(1) position of the vowel in a word,

(2) word stress,

(3) the number of syllables in a word,

(4) the character of the syllabic structure,

(5) sonority.

(1) Positional dependence of length can be illustrated by the fol­lowing example:

be — bead — beat we ~- weed — wheat tie — tied — tight

1 Jones D. An Outline of English Phonetics, — 9th ed.— Cambridge, 1960. a Торсуев Г. П. Строение слога и аллофоны в английском языке — AI.,

1975.—С. 84—102.

3 Length is marked with a macron (—), shortness with a breve (~).

In the terminal position a vowel is the longest, it shortens before a voiced consonant, it is the shortest before a voiceless consonant.

(2) A vowel is longer in a stressed syllable than in an unstressed

forecast n /ifo: kast/ прогноз—forecast v /b; ikast/ предсказы­вать погоду

In the verb /o: / is shorter than in the noun, though it may be pronounced with /o: / equally long.

(3) If we compare a one-syllable word and a word consisting of
more than one syllable, we may observe that similar vowels are short­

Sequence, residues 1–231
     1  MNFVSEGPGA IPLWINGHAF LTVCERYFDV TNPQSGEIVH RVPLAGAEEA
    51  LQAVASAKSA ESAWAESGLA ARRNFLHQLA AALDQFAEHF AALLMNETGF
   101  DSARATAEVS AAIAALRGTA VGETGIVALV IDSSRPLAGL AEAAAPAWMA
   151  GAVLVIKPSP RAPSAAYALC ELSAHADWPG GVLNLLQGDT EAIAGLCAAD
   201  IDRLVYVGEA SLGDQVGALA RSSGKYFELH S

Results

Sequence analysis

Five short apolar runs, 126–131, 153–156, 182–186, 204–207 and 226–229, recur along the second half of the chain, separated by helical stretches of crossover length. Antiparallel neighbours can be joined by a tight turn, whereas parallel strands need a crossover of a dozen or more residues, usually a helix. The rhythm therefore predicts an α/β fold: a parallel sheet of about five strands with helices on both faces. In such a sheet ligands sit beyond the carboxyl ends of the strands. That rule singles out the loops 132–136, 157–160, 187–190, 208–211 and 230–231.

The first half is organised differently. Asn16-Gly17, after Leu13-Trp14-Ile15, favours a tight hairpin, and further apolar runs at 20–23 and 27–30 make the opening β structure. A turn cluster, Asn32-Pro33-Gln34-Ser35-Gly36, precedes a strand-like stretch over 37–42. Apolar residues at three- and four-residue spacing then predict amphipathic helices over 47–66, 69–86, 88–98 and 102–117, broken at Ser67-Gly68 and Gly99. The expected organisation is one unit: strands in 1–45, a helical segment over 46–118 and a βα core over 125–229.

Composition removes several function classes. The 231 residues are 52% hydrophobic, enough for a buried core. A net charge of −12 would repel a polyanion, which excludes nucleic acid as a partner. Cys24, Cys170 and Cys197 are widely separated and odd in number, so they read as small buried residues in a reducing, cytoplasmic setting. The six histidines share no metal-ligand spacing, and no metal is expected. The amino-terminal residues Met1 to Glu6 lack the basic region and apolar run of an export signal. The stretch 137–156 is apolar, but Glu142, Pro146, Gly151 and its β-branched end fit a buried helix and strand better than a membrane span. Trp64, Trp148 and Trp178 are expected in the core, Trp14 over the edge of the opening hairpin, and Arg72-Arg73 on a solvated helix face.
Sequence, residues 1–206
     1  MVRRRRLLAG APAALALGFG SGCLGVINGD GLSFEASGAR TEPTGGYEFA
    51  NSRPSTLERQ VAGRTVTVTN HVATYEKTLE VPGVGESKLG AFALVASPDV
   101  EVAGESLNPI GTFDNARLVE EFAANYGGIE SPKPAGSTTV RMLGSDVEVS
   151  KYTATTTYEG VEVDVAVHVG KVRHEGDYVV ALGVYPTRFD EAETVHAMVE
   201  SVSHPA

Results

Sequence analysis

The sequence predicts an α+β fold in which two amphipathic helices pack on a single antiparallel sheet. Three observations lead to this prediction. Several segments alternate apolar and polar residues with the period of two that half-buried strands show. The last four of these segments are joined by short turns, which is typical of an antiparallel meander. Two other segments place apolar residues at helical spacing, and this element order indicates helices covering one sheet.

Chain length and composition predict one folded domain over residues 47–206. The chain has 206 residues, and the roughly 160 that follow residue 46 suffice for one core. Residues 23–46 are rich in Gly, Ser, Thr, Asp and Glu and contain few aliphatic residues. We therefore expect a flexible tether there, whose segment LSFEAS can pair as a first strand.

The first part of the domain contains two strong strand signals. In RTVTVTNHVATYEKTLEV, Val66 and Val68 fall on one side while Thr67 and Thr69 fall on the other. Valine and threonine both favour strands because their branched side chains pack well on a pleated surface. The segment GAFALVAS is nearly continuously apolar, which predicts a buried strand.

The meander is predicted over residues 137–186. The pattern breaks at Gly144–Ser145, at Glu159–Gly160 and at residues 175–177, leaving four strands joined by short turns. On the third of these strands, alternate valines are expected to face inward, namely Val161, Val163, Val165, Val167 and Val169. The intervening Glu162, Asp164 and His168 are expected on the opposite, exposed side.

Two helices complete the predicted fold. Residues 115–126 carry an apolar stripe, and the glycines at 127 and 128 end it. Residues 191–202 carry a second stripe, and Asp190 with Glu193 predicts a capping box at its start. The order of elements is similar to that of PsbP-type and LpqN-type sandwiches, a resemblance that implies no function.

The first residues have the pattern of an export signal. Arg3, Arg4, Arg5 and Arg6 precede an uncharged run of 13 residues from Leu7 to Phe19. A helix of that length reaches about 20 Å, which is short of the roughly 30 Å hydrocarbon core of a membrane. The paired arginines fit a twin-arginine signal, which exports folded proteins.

er in a polysyllabic word. Thus in the word verse /з: / is longer than in

(4) In words with V, CV, CCV x type of syllable the vowel length
is greater than in words with VC, CVC, CCVC type of syllable. For
example, h\l is longer in err (V type), than in earn (VC type), /ju: /
is longer in dew (CV type), than in duty (CVCV type).

(5) Vowels of low sonority are longer than vowels of greater sonor­
ity. It is so, because the speaker unconsciously makes more effort
to produce greater auditory effect while pronouncing vowels of lower
sonority, thus making them longer. For example, /i/ is longer than
hi; l\: i is longer than /a*/, etc.

Besides vowel length depends on the tempo of speech: the higher the rate of speech the shorter the vowels.

D. Jones % treats quantity independently of the vowel sounds themselves. Thus he treats Гг., i/ as positional allophones of one pho­neme.

Length is a non-pnonemic feature in English but it may serve to differentiate the meaning of a word. This can be proved by minimal pairs, e.g.